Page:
While often used interchangeably with grief, bereavement is the mourning and grief that accompany the death of someone to whom there is a significant emotional attachment. For children, this is typically the passing of a parent, a parental figure or a sibling.
New York Life Foundation
The Center for Disaster Philanthropy (CDP) was hired by the New York Life Foundation to carry out research on grief, bereavement and mental health in the context of disasters. Their description states, “Inspired by New York Life’s tradition of service and humanity, the New York Life Foundation has, since its founding in 1979, provided $300 million in charitable contributions to national and local nonprofit organizations. The Foundation invests in programs that benefit young people, particularly in the areas of educational enhancement and childhood bereavement support. The Foundation also facilitates “people power,” encouraging the community involvement of employees and agents of New York Life who volunteer where and when it matters most. … We are a leading resource for helping educators, families, communities and caregivers learn how to support children who have lost a parent or sibling. This focus aligns with our purpose, and who we are as a company.”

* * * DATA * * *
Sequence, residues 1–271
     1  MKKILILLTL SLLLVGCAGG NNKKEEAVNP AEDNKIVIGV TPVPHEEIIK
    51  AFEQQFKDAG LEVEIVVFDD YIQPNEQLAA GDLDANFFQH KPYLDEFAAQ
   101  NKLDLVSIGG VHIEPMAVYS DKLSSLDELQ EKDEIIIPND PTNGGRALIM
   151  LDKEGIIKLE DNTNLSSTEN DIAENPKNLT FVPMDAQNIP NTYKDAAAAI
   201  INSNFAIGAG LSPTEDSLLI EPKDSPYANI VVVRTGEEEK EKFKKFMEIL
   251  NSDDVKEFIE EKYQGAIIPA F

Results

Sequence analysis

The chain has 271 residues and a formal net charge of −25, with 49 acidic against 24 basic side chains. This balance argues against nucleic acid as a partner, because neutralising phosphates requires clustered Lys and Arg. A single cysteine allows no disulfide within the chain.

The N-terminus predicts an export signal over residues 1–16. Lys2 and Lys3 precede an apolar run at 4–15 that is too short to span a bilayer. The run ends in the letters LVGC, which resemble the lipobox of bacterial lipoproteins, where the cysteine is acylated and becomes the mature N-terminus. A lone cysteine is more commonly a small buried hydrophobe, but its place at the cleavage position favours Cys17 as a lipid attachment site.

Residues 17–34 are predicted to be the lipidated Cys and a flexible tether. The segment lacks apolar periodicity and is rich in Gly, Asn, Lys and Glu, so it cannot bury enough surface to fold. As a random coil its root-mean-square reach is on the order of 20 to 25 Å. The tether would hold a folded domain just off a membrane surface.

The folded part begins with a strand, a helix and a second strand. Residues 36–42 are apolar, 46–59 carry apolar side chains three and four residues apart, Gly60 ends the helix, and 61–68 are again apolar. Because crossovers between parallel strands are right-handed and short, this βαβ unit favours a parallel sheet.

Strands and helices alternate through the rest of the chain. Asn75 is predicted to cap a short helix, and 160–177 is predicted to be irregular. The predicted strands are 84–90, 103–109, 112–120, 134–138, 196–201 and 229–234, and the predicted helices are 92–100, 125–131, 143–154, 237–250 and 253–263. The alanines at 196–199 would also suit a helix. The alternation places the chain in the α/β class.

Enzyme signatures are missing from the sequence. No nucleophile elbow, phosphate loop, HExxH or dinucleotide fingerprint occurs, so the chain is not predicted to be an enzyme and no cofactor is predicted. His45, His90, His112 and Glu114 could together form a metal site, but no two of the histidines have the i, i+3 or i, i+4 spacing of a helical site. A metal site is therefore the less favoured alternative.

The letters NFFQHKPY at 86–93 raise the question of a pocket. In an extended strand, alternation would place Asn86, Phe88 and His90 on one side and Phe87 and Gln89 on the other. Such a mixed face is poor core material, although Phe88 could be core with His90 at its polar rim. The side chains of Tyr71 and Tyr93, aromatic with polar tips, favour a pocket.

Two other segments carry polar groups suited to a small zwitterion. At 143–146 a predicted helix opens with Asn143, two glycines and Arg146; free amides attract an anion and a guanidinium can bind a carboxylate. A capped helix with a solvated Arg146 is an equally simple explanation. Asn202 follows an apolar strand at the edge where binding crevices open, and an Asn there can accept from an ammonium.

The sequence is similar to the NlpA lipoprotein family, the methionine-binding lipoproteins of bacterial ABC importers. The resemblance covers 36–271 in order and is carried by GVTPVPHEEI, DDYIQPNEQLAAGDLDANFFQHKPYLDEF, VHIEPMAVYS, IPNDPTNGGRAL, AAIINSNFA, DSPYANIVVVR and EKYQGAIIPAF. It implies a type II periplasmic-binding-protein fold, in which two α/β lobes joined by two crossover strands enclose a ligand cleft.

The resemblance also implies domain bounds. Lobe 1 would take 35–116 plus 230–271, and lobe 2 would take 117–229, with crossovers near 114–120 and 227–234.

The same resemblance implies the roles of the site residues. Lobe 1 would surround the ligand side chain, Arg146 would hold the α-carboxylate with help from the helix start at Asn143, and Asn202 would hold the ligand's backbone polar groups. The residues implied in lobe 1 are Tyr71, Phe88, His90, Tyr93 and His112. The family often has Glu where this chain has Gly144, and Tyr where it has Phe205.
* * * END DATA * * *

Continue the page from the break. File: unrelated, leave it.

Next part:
The impact of a disaster is not over once a disaster has passed and/or an individual has an opportunity to reflect and adjust. A disaster can be seen as a “trauma with a capital T,” to distinguish it from smaller-scale traumatic events one may encounter in life such as life or job changes, relationship breakdowns or financial stress. The Substance Abuse and Mental Health Services Administration (SAMHSA) states that trauma “has lasting adverse effects on the individual’s functioning and mental, physical, social, emotional, or spiritual well-being.’”
“Two years later [after the flood], residents were finally beginning to express the trauma they had undergone and their needs for mental health services.”
~ Karla Twedt-Ball, Senior Vice President, Programs and Community Investment, Greater Cedar Rapids Community Foundation
We know from the descriptions of researchers such as David Abramson at New York University, that people and communities who have experienced a weather-related disaster event go through a series of reactions to the event over the long arc of recovery. These reactions may be more or less complicated due to pre-existing physical and mental health conditions; social networks that bring attention and security; political power that gives communities a seat at the table for determining their own recovery; economic capital such as income, stable housing and insurance; and access to mental and behavioral diagnostic and treatment care.
Disaster-related trauma is similar to other types of serious emergencies, especially those that result in death or profound personal loss. As the image above shows, the emotional highs and lows continue long after the disaster event itself. Many of the trigger events that cause serious mental health issues or depression often occur a year or more later.